I took a deep breath, trying to steady myself before reaching out to grab the satellite with one hand so I could start working on it with the other one.
The voice of my colleague Sarah crackled over the radio in my ear.
“Are you ready to get started?”
She was inside the station, watching me through a camera that was trained on me from above.
Or rather on the satellite that I was working on.
I took another quick look around to make sure that everything was secure before grabbing hold of one of the cables that was dangling from the bottom of the satellite.
“Okay,” she said.
“First thing you need to do is remove that cover.”
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I nodded, even though she couldn’t see me, and started unfastening the bolts.
“All right,” she said.
“You’re going to need to connect the power cables now.
Once you finish that, the power should be restored.”
I gave her a thumbs-up, even though she couldn’t see me, and started connecting the cables.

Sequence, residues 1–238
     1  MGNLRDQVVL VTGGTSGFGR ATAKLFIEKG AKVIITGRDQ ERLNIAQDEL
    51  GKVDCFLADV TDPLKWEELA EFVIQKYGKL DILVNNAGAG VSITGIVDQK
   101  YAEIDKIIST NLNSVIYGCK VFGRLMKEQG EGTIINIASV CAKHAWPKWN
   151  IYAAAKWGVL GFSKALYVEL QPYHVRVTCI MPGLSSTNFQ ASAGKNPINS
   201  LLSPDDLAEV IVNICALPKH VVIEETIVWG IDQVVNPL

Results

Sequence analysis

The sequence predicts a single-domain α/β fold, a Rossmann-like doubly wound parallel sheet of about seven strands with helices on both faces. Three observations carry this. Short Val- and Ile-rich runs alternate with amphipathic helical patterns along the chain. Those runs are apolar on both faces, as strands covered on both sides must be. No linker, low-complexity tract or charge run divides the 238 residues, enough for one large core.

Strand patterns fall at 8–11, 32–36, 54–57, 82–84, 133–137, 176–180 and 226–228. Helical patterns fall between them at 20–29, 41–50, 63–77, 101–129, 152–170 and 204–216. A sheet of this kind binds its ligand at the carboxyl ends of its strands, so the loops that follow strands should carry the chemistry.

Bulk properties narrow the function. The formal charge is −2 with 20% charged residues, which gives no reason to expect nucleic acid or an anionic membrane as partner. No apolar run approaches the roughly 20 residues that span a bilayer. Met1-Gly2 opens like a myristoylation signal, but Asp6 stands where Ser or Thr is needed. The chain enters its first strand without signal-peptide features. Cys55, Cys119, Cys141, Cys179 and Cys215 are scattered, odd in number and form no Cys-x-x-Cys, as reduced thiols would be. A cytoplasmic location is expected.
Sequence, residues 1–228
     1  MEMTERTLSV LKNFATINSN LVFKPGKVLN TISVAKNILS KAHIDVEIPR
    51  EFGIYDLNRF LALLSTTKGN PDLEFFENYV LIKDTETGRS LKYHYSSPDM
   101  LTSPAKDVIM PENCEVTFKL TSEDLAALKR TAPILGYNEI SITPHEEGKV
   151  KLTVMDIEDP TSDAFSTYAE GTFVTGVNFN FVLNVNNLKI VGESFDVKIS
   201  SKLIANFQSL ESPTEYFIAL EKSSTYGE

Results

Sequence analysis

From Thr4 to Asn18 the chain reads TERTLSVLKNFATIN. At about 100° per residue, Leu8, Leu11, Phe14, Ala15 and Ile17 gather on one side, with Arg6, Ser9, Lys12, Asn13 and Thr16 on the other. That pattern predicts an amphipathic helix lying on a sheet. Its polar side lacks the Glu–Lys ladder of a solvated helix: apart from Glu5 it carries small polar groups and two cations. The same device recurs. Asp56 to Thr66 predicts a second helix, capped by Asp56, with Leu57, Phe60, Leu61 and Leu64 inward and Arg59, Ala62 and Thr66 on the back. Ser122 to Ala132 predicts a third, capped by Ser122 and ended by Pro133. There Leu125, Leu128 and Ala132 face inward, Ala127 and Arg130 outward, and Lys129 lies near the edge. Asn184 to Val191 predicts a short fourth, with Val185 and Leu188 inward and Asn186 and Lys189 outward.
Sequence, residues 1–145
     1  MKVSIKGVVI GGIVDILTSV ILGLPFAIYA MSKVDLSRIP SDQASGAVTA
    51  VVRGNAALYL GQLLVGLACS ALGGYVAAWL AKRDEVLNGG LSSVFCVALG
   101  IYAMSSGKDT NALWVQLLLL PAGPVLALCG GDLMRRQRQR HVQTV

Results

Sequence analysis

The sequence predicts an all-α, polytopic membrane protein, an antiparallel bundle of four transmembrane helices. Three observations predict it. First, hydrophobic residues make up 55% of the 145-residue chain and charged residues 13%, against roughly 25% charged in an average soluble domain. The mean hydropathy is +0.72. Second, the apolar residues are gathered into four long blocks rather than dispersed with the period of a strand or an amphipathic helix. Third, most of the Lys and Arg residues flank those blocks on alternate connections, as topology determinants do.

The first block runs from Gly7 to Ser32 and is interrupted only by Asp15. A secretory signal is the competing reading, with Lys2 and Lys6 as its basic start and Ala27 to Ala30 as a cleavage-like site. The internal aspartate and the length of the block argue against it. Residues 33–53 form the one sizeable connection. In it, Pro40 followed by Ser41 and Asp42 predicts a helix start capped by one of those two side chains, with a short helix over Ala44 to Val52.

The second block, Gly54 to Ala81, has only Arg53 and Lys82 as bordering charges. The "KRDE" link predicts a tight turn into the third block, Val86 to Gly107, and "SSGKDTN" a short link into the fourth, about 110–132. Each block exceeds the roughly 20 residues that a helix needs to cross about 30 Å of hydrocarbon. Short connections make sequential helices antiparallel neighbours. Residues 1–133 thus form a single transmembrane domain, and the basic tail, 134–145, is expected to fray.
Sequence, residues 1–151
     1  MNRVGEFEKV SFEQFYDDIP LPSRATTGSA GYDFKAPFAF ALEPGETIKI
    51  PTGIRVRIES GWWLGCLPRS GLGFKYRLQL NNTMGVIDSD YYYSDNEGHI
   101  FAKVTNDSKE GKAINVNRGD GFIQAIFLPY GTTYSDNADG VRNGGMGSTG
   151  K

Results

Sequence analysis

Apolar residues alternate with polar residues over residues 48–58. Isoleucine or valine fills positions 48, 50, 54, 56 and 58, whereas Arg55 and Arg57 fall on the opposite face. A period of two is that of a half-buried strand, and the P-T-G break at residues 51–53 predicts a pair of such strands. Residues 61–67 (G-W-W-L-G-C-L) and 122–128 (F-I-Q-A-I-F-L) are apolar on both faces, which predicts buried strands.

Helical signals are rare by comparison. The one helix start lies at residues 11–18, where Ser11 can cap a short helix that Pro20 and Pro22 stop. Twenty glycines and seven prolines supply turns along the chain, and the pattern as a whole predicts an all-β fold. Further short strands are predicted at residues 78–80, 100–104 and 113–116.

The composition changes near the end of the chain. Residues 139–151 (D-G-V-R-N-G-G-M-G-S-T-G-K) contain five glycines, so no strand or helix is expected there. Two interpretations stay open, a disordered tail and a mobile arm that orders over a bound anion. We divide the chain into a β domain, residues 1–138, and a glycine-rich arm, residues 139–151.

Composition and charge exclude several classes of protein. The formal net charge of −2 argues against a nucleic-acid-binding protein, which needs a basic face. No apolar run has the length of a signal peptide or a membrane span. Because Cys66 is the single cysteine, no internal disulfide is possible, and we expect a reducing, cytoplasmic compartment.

Sarah was the lead engineer on the team, and I’d worked with her for years.
We knew each other pretty well by this point, and we’d done so many spacewalks together that we could communicate with just a few words.
There was no need for us to talk more than we had to when we could be concentrating on our work instead.
As soon as I had the last cable connected, Sarah spoke again.
She sounded pleased.
That was it; you’re all done up there.
And the good news is that the satellite seems like it’s in good shape and ready for deployment.”
I nodded, even though she couldn’t see me, and then I carefully detached the few tools that I still had hanging from my belt and attached them to the station with a short tether so I wouldn’t lose them.
Sarah sighed over the radio.
I could imagine her looking down at her feet, just like I had before.
She was a short woman, even by Earth standards, and she had to use a footstool when she wanted to reach the higher shelves in the lab.
She had short blonde hair, blue eyes, and a pretty face that didn’t seem to be aware of how pretty it was.
I always thought she was cute, but I wasn’t stupid enough to fall for her.